Photo: Google Ventures
Google’s investment arm, Google Ventures, doesn’t divide its $1 billion into tech-specific funds.Even so, big data is one area it has begun to focus, says partner Karim Faris.
Faris is one of the backers of ClearStory Data, a big data startup that launched this week. But he told Business Insider that he and other partners will be launching more in the next few weeks.
Google is almost uniquely qualified to identify big data startups given that much of the new technology is based on techniques invented at Google, like MapReduce and Google File System (GFS).
“We’re lucky to have in our backyard dozens of people that know a lot about the problem in real life,” he says. “So we’ve got a good understanding of the issues and the opportunities. There’s going to be a lot coming out of us in the next few months iin this space,” he adds.
Although the term “big data” is almost becoming a meaningless buzzword, the technology problem it tries to solve isn’t a fad and isn’t going away — not for years, Faris says.
Enterprises are already sitting on tons of data. “What’s new is they never thought of getting insight from it. It was too much of a pain to ever extract anything of it,” he says.
In the past two years, that’s changed. Companies want to find the business gems sitting in their disk drives and are setting up budgets for big data projects.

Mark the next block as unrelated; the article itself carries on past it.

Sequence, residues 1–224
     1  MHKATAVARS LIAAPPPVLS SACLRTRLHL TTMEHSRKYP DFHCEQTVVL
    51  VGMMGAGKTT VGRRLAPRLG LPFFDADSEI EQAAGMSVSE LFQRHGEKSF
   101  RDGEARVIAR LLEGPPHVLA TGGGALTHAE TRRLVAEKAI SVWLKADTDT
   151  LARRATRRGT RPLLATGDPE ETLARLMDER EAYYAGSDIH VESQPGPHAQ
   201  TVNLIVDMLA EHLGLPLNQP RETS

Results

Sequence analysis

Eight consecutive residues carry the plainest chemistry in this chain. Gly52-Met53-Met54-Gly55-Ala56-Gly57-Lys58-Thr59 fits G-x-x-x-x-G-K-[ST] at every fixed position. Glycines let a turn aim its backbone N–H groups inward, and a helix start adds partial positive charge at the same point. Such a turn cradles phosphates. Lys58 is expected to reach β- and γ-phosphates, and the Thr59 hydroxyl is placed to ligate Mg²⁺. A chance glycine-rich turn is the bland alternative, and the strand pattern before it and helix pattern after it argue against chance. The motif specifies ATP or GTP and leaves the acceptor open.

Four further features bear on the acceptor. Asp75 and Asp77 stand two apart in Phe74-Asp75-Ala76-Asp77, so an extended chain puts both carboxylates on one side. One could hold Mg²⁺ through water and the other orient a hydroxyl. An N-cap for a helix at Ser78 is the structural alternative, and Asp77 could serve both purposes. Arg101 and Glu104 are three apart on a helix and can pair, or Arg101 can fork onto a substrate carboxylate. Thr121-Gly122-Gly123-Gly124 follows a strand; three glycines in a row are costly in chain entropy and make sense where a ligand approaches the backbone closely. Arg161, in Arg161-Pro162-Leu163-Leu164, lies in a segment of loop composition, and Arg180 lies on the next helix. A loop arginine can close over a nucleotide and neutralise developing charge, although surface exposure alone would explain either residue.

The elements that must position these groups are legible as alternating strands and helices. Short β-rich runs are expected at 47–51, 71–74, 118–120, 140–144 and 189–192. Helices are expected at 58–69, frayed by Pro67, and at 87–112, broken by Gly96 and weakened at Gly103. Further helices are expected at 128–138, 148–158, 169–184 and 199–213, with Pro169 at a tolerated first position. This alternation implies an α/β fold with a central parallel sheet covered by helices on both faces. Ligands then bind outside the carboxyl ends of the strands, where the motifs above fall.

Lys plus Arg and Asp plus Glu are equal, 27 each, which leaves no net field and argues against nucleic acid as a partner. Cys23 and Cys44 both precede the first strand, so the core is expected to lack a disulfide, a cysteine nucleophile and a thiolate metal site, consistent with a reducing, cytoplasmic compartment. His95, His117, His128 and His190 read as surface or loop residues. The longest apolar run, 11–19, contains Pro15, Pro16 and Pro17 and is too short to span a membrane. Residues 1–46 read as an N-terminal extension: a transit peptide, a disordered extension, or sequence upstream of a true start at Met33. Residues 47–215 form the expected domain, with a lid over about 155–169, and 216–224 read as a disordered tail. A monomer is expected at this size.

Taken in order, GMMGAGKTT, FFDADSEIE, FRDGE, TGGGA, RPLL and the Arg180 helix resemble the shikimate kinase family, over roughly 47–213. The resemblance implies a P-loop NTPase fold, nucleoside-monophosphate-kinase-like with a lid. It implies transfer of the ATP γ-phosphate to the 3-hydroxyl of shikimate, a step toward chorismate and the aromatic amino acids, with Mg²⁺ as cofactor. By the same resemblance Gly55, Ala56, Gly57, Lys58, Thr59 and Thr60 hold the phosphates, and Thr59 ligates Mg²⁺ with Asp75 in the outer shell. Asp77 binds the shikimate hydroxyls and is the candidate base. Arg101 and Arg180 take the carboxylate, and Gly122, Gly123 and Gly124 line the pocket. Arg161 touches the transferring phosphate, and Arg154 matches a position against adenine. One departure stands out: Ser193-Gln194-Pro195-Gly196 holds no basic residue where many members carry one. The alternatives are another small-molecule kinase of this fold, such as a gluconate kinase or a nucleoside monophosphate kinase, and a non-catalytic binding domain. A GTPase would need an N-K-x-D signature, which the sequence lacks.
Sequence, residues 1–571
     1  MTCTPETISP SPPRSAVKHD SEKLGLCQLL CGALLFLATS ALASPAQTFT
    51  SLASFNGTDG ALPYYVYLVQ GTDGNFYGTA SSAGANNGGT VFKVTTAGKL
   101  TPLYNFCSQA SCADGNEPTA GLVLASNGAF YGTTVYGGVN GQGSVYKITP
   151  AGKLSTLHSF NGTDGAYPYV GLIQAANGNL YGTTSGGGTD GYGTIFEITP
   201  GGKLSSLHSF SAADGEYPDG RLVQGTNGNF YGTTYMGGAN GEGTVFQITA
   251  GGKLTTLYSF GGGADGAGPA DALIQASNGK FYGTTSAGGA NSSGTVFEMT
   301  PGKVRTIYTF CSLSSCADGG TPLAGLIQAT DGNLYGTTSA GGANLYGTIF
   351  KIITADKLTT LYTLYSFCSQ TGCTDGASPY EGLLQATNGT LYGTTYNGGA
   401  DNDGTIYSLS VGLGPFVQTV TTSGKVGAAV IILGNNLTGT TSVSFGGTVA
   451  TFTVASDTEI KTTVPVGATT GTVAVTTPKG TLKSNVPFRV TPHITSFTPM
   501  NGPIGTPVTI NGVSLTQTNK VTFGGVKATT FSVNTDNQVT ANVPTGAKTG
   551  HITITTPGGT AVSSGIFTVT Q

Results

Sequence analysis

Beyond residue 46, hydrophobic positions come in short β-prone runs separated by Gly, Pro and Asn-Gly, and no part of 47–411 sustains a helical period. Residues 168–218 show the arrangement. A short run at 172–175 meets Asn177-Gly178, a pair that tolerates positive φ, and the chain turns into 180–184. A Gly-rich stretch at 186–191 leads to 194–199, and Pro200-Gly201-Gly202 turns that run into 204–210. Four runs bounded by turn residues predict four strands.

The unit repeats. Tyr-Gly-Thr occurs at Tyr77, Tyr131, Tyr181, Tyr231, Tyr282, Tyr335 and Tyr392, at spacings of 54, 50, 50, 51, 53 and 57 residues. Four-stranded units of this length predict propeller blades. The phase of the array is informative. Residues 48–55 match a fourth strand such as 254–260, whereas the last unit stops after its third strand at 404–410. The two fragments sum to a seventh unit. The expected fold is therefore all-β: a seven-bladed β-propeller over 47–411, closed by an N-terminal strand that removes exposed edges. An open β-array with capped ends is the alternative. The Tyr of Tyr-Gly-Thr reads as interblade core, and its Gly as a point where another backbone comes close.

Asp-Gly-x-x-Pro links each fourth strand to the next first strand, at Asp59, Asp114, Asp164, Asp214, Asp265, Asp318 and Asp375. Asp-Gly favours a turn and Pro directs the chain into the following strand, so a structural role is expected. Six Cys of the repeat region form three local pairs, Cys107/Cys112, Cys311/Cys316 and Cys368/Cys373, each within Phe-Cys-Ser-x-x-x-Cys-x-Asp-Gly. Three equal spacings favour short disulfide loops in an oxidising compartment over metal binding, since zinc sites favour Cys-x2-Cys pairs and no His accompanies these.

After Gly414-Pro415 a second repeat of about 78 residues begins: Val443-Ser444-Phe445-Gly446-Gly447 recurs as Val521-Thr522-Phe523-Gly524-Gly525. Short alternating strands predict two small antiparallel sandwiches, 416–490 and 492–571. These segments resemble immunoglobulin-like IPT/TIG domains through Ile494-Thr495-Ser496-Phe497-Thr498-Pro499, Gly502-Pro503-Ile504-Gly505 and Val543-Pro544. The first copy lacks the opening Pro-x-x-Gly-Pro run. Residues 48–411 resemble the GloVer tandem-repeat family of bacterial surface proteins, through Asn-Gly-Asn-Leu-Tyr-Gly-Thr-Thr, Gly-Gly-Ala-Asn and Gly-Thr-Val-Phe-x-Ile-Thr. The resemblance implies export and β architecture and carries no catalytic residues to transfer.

“That creates opportunities for tools, and for cleansing services (because data feeds are typically very dirty) and on the front end for visualisation tools,” he describes. By dirty, he doesn’t mean foul language (though it might be). He’s referring to inaccurate data like bad phone numbers or misspelled names, etc.
The challenge, however, is trying to find tools that will appeal to a general business population, versus one for a specific niche or industry.
“There have been consulting organisations focused for years on analytics. Typically it’s an army of PhDs,” he describes. While he didn’t name names, IBM stands out as this kind of consulting company.
“No small or medium-sized company was going to pay millions of dollars to get these consulting companies to help them out. And that’s what’s exciting here. Being able to democratize access to these insights to everybody and not just the privileged few,” he says.
Today’s crop of big data startups could become tomorrow’s big public enterprise software companies, he believes.
“We don’t invest in small opportunities that are tuck-ins to an IBM or HP down the line. If that happens, great. When we look at a company, they have the potential to become big stand alone public companies. If the opportunity wasn’t that big, we probably wouldn’t invest,” he says.
Google is aiming to spend its $1 billion fund over the next five years at a rate of $200 million a year. It is funding a wide variety of technologies, from tech to science.